Employees of the 1199SEIU Training and Employment Funds (TEF) gathered with hundreds of other healthcare professionals in the Sheraton New York Times Square Hotel on November 17 to hear TEF Executive Director Sandi Vito speak on a panel addressing the future of New York’s healthcare workforce. The event, Crain’s Health Care Summit, brought together prominent national and local leaders to reflect upon the changing healthcare landscape and how jobs in the industry are changing to respond to new funding mechanisms such as DSRIP and other value-based payment systems.
The morning began with the keynote speaker Bernard Tyson, chairman and CEO of Kaiser Permanente, describing his organization’s “total health” concept, which drives its use of resources. Kaiser Permanente serves 11 million people and employs 200,000 staff nationwide. Tyson explained that incentives and measures are based on a patient’s health and functionality rather than on volume of services. Referring to Kaiser Permanente’s approach to public policy, Tyson noted that “every person in the country, regardless of income, must have access to the front door of healthcare.”
Tyson described the importance of collaborating with labor, noting that frontline staff are the ones most able to contribute effectively to improving the quality of care and services. He described a shifting paradigm that includes increased use of technology (“52% of primary care encounters were done virtually last year at Kaiser Permanente”) and a shift from an emphasis on jobs to one of roles for employees. “We need to rethink how people will add value,” he said. “It’s important to have labor at the table because the change is going to impact everybody.”
A panel including Vito, Mount Sinai Health System President and CEO Kenneth Davis, Montefiore Medicine President and CEO Steven Safyer and Victor Politi, president and CEP of NuHealth/NUMC discussed changing job roles. Reflecting on the implications of the recent presidential election, the panel noted that a move to block grants for Medicaid could have a profound effect on New York State providers, and would be particularly detrimental to safety-net hospitals. Vito indicated that we must organize “with a laser-like focus” to ensure that health care funding is maintained. When discussing the shifting jobs and responsibilities, Vito reminded the audience that there must be a “willingness to lead the change in ways that are good for workers, which ultimately is good for patients.” She also noted that in the short term, as new jobs are being defined, training can be offered based on competencies.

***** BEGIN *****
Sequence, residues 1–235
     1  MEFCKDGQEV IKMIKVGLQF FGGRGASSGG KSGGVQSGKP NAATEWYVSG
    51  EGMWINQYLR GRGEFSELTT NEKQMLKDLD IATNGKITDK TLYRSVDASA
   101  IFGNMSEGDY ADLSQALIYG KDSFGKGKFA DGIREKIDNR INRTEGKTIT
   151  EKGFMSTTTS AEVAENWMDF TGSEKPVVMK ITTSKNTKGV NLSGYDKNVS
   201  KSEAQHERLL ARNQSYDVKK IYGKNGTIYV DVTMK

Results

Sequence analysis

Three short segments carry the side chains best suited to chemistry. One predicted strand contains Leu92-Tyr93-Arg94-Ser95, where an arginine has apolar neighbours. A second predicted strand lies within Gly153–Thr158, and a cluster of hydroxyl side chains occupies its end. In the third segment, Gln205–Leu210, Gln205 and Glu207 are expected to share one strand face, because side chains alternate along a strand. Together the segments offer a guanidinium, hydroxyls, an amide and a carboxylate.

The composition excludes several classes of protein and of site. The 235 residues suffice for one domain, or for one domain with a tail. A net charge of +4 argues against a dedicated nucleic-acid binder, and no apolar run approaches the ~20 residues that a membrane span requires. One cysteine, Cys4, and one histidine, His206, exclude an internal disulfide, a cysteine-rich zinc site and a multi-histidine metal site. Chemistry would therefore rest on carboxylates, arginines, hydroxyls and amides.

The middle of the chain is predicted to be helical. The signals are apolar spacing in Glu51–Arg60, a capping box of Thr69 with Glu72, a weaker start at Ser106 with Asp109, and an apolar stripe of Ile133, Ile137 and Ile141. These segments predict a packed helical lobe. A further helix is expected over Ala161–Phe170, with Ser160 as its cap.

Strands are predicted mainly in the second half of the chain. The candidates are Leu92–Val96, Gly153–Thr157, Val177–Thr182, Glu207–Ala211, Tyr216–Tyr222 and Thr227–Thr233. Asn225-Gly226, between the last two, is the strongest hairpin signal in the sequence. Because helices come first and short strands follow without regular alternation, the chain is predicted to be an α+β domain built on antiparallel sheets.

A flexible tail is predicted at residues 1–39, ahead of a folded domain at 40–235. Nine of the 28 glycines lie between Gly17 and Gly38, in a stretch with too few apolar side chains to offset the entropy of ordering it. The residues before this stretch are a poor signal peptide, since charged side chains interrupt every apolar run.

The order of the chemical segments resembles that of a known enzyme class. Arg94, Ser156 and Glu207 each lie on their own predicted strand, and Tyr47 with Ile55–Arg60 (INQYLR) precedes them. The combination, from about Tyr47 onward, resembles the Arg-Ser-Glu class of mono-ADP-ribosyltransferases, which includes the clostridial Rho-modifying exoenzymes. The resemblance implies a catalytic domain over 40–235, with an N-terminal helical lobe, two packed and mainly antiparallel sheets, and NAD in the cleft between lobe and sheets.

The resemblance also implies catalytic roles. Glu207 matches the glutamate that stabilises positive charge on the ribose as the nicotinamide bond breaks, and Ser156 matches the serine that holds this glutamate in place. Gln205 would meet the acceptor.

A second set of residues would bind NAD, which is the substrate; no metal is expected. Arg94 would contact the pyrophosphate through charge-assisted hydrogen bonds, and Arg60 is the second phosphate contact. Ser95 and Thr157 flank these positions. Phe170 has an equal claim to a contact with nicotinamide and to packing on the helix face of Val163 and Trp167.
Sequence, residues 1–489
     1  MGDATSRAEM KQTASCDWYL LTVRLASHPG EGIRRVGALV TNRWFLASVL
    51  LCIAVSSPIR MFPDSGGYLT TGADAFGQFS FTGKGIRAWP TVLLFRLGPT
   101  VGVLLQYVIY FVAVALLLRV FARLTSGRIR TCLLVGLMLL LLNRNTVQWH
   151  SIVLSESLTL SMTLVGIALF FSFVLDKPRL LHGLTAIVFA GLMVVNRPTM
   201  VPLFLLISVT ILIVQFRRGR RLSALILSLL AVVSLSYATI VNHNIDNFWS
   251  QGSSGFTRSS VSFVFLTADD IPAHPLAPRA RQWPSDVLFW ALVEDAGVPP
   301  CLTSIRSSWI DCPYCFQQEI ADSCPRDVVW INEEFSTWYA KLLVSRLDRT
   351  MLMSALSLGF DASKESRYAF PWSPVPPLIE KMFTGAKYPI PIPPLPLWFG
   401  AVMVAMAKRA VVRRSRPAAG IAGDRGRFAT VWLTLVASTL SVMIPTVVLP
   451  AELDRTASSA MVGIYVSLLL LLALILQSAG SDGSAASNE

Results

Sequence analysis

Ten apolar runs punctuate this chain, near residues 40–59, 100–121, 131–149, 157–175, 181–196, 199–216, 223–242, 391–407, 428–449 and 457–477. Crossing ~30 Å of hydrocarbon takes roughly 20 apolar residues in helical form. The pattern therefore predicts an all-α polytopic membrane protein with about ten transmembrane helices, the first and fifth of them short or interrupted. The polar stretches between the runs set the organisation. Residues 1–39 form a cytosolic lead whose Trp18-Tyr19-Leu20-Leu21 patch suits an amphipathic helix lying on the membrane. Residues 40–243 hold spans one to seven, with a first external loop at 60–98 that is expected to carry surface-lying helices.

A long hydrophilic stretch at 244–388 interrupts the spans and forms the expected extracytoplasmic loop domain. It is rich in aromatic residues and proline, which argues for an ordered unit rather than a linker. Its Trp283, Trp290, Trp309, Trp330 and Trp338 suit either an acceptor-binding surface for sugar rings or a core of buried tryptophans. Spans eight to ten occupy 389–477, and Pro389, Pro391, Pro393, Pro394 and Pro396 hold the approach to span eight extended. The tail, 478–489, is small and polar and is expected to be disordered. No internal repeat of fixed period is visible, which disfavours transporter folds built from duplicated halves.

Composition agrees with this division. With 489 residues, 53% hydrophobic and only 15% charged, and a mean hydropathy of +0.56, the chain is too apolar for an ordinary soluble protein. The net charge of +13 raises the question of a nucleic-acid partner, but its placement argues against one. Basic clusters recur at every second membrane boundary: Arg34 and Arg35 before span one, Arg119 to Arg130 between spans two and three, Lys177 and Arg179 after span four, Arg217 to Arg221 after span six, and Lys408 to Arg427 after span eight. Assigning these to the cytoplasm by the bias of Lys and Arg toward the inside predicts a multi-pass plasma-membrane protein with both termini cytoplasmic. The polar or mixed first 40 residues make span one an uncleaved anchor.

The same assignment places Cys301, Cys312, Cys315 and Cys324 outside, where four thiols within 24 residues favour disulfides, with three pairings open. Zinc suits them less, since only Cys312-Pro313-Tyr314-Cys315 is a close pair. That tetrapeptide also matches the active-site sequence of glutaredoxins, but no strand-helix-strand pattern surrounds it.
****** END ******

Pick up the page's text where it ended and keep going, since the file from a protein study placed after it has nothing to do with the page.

The second panel discussed emerging models that extend the healthcare team to ensure effective and comprehensive care. Amanda Alick Ascher, chief medical officer of DSRIP Bronx Partners for Health Communities, Joseph Conte, executive director of Staten Island Performing Provider System, Nicole Fenton, program director of SI CARES at Staten Island Behavioral Network, and Stephen Ferrara, associate dean of clinical affairs, Columbia University School of Nursing discussed approaches such as pre-visit planning, health coaches, connecting patients to social services and health education, and integrating primary care with behavioral health services. Conte discussed the importance of taking a social justice stance that “goes beyond bricks and mortar to ensure that there is cultural competency that gets people into an orbit of care,” through means such as employing community health workers. Rona Shapiro, 1199SEIU executive vice president for home care, queried the panel regarding the role home care workers can play on the newly expanded healthcare team. She noted that home care workers have experience, skills, and connections to the community and could play an expanded role.